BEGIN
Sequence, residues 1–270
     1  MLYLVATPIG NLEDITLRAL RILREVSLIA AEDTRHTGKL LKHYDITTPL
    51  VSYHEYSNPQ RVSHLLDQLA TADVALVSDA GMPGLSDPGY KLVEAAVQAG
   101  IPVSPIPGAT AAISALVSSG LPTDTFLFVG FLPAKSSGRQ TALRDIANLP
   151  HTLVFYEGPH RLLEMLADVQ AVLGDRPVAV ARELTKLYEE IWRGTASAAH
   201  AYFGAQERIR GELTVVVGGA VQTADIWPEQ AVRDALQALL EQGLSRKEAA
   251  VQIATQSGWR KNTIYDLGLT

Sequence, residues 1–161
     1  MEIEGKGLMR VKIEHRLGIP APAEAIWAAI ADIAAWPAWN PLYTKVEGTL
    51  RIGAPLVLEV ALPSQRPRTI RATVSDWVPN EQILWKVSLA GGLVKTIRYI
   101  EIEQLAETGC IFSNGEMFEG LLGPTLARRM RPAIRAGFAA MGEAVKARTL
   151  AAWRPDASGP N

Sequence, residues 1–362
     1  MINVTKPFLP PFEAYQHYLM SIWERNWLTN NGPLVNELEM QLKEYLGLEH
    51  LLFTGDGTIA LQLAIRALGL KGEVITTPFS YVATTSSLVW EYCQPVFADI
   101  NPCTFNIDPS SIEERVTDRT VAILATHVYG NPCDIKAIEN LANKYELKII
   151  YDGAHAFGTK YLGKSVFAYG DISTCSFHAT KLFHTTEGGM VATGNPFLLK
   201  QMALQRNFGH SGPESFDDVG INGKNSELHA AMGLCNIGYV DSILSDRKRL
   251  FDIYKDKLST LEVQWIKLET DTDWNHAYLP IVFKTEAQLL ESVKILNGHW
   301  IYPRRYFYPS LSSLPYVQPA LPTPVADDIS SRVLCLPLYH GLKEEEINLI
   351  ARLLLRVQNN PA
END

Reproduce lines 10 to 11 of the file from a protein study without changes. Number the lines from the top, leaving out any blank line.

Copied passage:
    51  RIGAPLVLEV ALPSQRPRTI RATVSDWVPN EQILWKVSLA GGLVKTIRYI
   101  EIEQLAETGC IFSNGEMFEG LLGPTLARRM RPAIRAGFAA MGEAVKARTL